Newt Gingrich Gives John Boehner Cover On Fiscal Cliff: We Survived Under Clinton Tax Rates (VIDEO)

WASHINGTON -- Former House Speaker Newt Gingrich gave a bit of cover to the man currently occupying that post, offering Speaker John Boehner (R-Ohio) a way to sell his caucus on a fiscal cliff deal that allows tax rates to rise.

In an interview with The Huffington Post on Wednesday morning, Gingrich argued that Boehner's latest proposal to allow rates to rise on income above $1 million didn't technically constitute a violation of the oft-taken Republican pledge not to raise taxes. Moreover, he added, allowing tax rates to go up on incomes -- even those below $1 million -- wouldn't create the type of economic misery that many conservatives in the party have insistently predicted.

"My assumption is that they will eventually stumble to a tax increase because the president of the United States is going to veto anything that doesn't [increase taxes]. And by the way, House Republicans don't have to vote for a tax increase. All they have to do is vote for a tax cut below a certain number, and they are not voting for taxes to go up," said the former speaker.

"If you don't vote for tax increases, you didn't vote for a tax increase," Gingrich added, noting that if Congress takes no action at all, tax rates will rise for everyone. "In the end, it is not about [anti-tax advocate] Grover [Norquist]'s pledge. It is about whether you can go back home and explain it to the people back home. Grover doesn't matter, the voters back home do. Grover just captured an idea that works for the people back home."

Shifting his focus to the larger debate over spending cuts, entitlement reform and revenue raisers, Gingrich called the current showdown between Boehner and President Barack Obama "the theater of the absurd."

There is no such thing as a fiscal cliff, he stressed. "It is actually more like a bunny slope ... The impact will be some pain to a lot of people. But in fact we survived the '90s paying Clinton-level taxes. I'm just saying. So this is not like we are going to go off a cliff. Will some people be hit hard? Yes. Will some defense contractors be hit hard? Yes."

Such remarks go against the grain of thinking of more conservative members of the House Republican caucus. And as the House prepares to vote on "Plan B," Gingrich's observations could provide Boehner with leverage within his own party.

On Tuesday, Boehner began abruptly pushing for a quick resolution to the expiring Bush tax cuts, while leaving the sequestration-related $1 trillion in spending cuts unaddressed. On Wednesday, anti-tax advocate Grover Norquist offered his support of the plan. Two other prominent conservative groups, the Club for Growth and Heritage Action, both urged no votes, however.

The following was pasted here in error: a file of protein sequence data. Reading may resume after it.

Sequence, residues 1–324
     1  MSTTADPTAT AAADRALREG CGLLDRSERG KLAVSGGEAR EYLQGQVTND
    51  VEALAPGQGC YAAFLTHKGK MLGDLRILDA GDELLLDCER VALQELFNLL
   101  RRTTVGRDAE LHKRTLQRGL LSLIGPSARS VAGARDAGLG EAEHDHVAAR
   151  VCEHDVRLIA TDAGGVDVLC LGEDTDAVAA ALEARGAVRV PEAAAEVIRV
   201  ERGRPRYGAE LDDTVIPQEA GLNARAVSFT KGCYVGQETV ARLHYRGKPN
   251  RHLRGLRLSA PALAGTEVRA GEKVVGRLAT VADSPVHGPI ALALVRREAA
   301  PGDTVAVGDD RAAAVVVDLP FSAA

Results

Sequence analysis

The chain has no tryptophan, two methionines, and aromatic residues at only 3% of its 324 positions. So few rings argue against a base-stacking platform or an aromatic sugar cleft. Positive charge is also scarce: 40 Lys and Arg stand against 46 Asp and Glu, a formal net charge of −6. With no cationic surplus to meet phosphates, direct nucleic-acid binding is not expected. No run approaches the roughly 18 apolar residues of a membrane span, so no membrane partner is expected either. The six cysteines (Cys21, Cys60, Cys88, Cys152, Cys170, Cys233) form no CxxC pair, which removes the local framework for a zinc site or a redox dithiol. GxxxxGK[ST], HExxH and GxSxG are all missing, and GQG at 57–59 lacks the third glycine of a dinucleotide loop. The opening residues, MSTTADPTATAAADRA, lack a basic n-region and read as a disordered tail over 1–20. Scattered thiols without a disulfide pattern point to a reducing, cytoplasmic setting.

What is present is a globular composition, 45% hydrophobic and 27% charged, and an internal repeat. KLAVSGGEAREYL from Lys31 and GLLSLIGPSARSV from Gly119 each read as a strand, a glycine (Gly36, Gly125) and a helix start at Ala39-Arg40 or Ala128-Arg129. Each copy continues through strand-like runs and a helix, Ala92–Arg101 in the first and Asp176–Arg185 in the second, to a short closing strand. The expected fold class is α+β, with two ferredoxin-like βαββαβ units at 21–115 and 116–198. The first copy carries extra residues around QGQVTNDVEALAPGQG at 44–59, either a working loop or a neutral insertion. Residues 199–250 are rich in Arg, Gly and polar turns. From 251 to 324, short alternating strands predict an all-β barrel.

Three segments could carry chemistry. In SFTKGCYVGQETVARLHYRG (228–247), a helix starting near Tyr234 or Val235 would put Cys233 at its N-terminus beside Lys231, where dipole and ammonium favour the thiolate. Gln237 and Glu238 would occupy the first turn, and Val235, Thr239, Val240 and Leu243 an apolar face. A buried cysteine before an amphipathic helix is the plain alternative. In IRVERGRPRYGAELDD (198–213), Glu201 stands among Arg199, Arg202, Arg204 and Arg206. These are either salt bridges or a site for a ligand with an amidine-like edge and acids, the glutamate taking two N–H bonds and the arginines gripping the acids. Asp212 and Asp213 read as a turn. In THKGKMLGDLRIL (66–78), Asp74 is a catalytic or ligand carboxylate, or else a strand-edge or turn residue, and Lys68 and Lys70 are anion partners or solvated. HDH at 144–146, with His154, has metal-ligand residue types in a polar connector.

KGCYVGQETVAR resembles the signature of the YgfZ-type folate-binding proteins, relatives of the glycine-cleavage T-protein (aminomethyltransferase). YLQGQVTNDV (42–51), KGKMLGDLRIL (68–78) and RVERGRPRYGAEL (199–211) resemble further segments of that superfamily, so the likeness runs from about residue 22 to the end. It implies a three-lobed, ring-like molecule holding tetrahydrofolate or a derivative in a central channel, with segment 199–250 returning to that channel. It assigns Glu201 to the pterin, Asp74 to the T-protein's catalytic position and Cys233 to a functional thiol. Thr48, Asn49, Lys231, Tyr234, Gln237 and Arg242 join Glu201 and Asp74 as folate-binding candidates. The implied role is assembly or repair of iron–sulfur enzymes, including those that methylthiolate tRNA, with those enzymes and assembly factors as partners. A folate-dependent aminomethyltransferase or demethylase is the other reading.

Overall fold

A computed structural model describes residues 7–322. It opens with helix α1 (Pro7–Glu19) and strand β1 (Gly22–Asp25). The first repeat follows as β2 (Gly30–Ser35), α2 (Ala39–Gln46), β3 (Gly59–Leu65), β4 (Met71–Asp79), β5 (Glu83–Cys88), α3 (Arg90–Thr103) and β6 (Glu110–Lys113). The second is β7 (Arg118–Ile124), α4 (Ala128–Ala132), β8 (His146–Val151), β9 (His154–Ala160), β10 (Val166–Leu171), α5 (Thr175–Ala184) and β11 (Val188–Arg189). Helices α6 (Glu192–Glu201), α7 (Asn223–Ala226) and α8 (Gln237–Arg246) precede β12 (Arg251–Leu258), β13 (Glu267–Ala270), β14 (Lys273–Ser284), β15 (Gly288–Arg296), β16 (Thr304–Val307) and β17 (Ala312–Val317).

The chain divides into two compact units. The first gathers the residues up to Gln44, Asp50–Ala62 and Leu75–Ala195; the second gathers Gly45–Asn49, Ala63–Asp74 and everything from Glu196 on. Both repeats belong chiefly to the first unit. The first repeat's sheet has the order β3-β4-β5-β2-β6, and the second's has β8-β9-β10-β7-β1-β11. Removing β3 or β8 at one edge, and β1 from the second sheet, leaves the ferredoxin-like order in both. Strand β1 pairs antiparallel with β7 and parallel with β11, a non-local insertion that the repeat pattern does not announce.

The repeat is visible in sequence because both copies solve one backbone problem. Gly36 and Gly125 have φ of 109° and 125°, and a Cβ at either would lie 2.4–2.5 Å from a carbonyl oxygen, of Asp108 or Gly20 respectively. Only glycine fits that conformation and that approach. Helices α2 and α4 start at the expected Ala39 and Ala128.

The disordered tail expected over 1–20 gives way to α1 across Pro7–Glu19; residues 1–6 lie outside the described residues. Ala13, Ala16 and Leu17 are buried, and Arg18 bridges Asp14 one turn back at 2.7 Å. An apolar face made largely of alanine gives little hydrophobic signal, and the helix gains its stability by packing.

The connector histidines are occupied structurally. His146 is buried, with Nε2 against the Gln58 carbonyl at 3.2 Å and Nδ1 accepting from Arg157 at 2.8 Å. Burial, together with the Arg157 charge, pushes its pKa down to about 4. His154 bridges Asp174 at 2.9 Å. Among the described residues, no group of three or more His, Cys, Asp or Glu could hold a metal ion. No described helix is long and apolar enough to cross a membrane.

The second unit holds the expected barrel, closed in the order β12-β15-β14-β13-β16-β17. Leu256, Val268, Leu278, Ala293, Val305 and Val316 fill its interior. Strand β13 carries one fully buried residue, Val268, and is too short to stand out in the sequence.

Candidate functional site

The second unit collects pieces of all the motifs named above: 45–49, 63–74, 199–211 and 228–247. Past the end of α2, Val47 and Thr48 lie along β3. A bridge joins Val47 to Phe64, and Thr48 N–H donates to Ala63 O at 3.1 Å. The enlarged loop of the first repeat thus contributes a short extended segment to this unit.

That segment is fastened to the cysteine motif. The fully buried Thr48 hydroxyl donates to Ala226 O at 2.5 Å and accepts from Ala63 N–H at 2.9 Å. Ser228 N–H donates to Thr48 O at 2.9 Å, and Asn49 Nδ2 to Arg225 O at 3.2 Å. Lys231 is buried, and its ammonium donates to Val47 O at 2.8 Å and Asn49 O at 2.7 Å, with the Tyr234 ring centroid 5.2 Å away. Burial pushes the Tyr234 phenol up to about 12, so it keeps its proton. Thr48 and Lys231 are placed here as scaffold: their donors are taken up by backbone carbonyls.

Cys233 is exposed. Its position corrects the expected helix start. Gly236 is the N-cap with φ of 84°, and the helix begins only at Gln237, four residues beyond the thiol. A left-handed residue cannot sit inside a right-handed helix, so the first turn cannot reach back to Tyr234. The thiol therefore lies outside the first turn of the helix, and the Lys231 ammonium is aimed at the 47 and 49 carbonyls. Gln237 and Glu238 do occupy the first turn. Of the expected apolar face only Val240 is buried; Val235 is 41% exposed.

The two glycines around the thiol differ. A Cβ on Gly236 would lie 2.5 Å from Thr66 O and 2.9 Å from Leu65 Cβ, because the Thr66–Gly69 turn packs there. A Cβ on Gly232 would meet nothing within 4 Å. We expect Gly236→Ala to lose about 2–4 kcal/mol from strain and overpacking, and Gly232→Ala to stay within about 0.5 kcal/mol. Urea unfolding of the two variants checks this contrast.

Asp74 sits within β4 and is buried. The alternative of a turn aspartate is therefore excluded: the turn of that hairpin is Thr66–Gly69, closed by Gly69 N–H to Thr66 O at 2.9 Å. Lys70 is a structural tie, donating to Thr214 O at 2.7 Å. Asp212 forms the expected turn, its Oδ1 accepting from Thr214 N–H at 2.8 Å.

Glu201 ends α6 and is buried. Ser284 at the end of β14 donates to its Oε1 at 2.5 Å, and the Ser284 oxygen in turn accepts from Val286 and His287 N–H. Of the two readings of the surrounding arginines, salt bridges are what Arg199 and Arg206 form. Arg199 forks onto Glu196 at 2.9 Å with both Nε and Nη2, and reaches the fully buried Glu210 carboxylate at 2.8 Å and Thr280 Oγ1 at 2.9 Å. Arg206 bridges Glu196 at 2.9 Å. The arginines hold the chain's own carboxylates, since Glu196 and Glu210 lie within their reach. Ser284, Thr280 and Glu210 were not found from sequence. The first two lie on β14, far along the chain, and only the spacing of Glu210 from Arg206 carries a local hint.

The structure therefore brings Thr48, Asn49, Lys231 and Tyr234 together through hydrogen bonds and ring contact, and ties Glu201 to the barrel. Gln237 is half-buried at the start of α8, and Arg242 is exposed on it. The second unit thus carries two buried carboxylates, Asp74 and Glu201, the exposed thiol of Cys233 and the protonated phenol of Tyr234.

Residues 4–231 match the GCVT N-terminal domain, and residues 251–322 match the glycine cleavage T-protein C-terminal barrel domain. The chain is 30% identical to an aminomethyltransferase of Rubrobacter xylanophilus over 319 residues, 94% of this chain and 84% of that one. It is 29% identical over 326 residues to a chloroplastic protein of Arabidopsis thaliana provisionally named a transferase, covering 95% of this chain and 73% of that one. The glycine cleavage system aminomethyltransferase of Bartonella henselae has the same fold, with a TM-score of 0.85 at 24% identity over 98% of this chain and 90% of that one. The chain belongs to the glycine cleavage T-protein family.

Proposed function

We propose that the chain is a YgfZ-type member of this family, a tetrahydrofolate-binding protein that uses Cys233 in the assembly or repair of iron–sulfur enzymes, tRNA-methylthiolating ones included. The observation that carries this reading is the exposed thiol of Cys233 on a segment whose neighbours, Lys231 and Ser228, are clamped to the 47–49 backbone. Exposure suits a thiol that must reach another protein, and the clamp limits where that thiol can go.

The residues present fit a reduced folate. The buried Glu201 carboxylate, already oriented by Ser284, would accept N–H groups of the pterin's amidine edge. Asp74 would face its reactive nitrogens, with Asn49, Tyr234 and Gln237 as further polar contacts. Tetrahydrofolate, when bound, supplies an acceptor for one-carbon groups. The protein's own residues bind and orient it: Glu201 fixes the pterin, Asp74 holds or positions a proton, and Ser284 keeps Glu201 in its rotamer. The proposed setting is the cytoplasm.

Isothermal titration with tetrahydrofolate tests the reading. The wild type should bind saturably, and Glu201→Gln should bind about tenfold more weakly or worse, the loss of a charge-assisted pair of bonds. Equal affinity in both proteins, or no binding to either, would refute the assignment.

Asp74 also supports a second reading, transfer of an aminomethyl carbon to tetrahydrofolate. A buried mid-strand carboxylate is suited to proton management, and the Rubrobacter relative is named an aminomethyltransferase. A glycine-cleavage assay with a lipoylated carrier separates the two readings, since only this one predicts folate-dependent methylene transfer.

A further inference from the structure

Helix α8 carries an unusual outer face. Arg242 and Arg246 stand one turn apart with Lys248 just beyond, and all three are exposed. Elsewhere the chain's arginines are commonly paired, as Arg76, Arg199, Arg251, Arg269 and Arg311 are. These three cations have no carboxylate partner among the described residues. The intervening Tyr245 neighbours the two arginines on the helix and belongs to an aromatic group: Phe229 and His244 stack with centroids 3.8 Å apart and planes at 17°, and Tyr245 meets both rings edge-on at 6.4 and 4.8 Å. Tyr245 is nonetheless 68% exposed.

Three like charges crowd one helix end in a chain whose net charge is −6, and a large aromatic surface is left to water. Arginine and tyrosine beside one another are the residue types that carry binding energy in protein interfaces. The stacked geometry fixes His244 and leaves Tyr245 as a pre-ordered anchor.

At issue is not just the question of whether Republicans should vote for a plan that would raise tax rates on millionaires, but as to what broader political strategy they want to employ to address spending cuts and entitlement reforms after the tax issue has been settled. House aides argue that they are prepared to deal with those issues once they're no longer being accused of holding onto tax cuts for the rich. Top Obama administration officials on Wednesday morning said they wouldn't negotiate off of Boehner's Plan B proposal.

Gingrich proposed a third path. He told Boehner to delay any vote by passing legislation to defer the tax hikes and spending cuts another three months. That would give Republicans more time to frame the debate in more favorable terms. Boehner, he argued, could hold immediate hearings on government spending, he could refuse to pass appropriations bills, and could promise a "wave of oversight hearings on waste, fraud and corruption" -- all with an eye toward shifting public opinion.

"He has a very hard hand to play," Gingrich said of Boehner. "And my only advice when you have a very hard hand to play is to play it slowly. Speed is not his friend. Speed is Obama's friend. Obama can dominate the media. Obama can have the press conference, Obama can have his staff leak, Obama can send out his press secretary."

"The president is Gulliver," he added. "The Congress is Lilliput. If enough Lilliputians take on Gulliver, they can tie him down. You have to think about the totality of the House. It has five strengths: appropriations, oversight, legislation, communication by all of its members -- not just the speaker -- and negotiation. Negotiation is the weakest of the five. And they are not using the first four."

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